Fairness is Highly Overrated

December 31, 2009

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Fairness with respect to synchronization mechanisms is a highly overrated property. When I talk about concurrency, parallelism, Windows synchronization and similar subjects, I’m often asked whether the specific algorithm, mechanism or feature is fair in some respect.

First, let’s define fairness. I’ll use a simplistic yet rigorous definition to define a fair lock. (Other synchronization mechanisms may have fairness defined in a similar fashion.) To begin with, a lock is exactly what you think it is – a mechanism for specifying mutual exclusion. Given N threads that attempt to acquire the lock concurrently, only one thread may enter the lock at a given time. When that thread releases the lock, one other thread may enter the lock; and so on. We can assume for the sake of the definition that the work protected by the lock is bounded; i.e. no thread acquires the lock with the intention of retaining it indefinitely.

A lock is fair if, given N threads that attempt to acquire the lock, there is an upper bound on the amount of time any one of the N threads will wait before entering the lock.

An alternative definition considers the number of times a thread is skipped before it is allowed to enter the lock, and discards the need to put a bound on the duration of work protected by the lock:

A lock is fair, if given N threads that attempt to acquire the lock, there is an upper bound on the number of times any one of the N threads will be skipped before entering the lock.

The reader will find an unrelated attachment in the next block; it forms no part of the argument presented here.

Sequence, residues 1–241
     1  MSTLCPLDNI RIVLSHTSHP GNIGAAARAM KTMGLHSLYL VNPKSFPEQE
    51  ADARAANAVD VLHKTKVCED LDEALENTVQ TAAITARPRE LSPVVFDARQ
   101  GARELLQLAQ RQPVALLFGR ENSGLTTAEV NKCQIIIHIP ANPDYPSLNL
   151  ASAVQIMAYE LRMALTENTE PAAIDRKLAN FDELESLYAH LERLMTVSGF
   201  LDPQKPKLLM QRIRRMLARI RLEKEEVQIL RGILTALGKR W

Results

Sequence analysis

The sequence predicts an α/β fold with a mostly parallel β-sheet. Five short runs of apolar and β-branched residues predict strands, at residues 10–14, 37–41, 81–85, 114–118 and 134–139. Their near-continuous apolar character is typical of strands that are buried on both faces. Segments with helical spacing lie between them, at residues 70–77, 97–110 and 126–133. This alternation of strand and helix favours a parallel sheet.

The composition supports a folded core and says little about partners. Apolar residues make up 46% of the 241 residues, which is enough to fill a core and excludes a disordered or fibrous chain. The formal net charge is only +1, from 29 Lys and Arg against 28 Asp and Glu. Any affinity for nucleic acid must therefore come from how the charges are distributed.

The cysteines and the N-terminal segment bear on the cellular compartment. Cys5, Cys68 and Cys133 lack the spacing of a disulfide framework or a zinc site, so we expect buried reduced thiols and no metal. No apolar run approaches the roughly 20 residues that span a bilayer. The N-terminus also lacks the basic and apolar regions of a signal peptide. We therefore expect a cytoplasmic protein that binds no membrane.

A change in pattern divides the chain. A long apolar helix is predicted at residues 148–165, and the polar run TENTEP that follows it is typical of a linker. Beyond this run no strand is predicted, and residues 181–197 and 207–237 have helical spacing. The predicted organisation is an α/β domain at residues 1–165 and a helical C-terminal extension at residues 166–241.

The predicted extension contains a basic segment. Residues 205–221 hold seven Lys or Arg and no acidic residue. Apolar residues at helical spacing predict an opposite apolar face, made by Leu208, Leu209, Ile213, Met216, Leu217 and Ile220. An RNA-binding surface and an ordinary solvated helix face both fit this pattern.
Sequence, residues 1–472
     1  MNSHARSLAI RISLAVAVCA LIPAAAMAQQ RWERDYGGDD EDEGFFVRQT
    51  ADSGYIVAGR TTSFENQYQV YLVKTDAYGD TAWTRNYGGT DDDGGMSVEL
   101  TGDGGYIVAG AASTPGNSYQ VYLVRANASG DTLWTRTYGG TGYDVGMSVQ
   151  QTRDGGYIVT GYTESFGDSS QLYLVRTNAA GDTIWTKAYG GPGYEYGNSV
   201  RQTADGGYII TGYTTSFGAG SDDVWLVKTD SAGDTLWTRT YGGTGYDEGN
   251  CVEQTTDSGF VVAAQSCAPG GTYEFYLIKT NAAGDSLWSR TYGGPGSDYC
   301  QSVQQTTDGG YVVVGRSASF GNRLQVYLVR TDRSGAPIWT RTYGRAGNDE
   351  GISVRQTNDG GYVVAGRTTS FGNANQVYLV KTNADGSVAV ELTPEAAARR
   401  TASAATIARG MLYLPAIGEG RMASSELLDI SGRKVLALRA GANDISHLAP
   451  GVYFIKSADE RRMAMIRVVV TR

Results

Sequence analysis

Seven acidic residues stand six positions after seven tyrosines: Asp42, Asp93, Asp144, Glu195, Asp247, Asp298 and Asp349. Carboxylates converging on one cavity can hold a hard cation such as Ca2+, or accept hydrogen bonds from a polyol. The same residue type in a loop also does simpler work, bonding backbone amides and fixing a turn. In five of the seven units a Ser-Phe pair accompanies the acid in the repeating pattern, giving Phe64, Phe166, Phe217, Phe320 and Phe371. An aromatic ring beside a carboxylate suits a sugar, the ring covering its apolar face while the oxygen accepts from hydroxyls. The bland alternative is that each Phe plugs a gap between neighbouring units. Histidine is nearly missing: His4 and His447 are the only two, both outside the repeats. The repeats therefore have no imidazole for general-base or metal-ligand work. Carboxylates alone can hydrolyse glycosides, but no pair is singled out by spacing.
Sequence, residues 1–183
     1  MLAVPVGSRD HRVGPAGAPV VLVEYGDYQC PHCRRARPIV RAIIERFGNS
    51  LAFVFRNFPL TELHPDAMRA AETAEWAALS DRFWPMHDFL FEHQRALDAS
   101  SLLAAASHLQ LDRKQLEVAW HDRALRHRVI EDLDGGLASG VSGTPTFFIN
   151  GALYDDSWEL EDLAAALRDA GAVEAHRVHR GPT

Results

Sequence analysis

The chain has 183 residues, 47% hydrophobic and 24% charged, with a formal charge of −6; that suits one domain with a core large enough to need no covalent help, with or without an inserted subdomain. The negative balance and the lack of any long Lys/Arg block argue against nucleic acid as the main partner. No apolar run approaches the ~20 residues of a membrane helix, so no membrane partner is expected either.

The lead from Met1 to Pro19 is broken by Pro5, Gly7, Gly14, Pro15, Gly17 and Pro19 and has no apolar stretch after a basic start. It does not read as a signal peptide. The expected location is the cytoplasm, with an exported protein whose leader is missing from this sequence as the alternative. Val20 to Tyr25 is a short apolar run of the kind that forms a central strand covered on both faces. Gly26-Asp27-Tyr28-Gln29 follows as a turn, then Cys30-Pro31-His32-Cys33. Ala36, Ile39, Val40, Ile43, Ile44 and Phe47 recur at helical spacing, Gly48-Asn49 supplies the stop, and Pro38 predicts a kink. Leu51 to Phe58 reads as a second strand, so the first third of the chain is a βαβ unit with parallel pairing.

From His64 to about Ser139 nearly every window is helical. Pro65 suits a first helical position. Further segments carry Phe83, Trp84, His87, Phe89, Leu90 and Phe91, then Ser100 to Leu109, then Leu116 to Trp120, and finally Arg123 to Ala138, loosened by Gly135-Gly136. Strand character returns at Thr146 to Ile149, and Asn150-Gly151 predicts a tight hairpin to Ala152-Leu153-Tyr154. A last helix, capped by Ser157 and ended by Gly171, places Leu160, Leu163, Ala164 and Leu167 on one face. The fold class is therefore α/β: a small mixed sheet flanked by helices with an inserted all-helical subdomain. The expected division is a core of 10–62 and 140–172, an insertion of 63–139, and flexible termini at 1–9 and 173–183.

This sounds like a fairly trivial property, and one of the most trivial ways to implement this kind of fairness is using a queue (FIFO) to maintain the information about waiting threads. If waiting threads are enqueued into a FIFO, and the work protected by the lock is bounded, then the amount of time any individual thread will wait is also bounded, and the bound is linear in the number of threads that arrived before that thread.

However, FIFO fairness is not always easy to attain. To begin with, some synchronization mechanisms don’t use queues of waiting threads because they are too expensive. For example, a spinlock, which is a purely user-mode synchronization mechanism requiring no system calls, does not use FIFOs of waiting threads at all, and hence is not fair. Extensions of spinlocks, such as queued spinlocks (MCS spinlocks) may provide fairness that is not necessarily linear. Peterson’s algorithm for mutual exclusion provides a quadratic upper bound on fairness, implying that a thread may be skipped O(N^2) times when N threads are completing for the lock.

Even when FIFOs are used, a thread may be forced to leave the queue and be inserted at the back of the queue later on (on Windows, this can happen when an APC is executed on that thread). If this can happen an unbounded number of times, fairness cannot be guaranteed at all – and indeed, no synchronization mechanism on Windows is free from the risk of being interrupted by an APC. If the thread enters an alertable wait state, it can be preempted by a user mode APC; but even if it doesn’t cooperate, kernel mode APCs can still interrupt the thread and effect a reordering of the waiting queues.

The most amazing thing of all about fairness is that it is not always a desired property even if it can be guaranteed with relative ease. Lock convoys are an excellent demonstration of how fairness can be devastating for a group of threads competing for the same synchronization mechanism. In a lock convoy (which I discussed in detail earlier), a group of threads acquires and releases a lock many times in a single quantum; however, when one of the threads is preempted while holding the lock, havoc ensues because any subsequent thread acquires the lock only once and is preempted as soon as it tries to acquire the lock again. This is a direct consequence of fairness, and demonstrates that fairness is not always desirable.

When designing a synchronization mechanism or working with existing synchronization mechanisms, bear in mind that often the progress of a group of threads (measured as throughput, CPU utilization or other metrics) can be shown to be higher if unfair synchronization mechanisms are used. A single thread can “take one for the team” to maintain consistent global progress.

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